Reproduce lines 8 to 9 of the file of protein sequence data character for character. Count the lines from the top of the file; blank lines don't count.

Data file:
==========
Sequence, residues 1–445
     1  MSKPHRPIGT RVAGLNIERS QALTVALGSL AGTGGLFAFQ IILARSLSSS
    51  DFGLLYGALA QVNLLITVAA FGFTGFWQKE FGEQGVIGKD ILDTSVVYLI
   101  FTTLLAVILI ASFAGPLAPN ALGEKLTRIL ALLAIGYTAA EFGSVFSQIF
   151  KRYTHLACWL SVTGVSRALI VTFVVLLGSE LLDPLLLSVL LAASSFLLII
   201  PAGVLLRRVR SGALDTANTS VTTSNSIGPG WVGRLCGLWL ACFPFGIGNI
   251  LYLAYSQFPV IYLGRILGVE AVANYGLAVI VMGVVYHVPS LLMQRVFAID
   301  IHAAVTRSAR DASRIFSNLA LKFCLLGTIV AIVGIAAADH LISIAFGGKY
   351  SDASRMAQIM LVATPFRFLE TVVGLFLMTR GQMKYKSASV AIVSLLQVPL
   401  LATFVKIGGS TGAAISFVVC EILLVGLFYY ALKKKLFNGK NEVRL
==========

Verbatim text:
   301  IHAAVTRSAR DASRIFSNLA LKFCLLGTIV AIVGIAAADH LISIAFGGKY
   351  SDASRMAQIM LVATPFRFLE TVVGLFLMTR GQMKYKSASV AIVSLLQVPL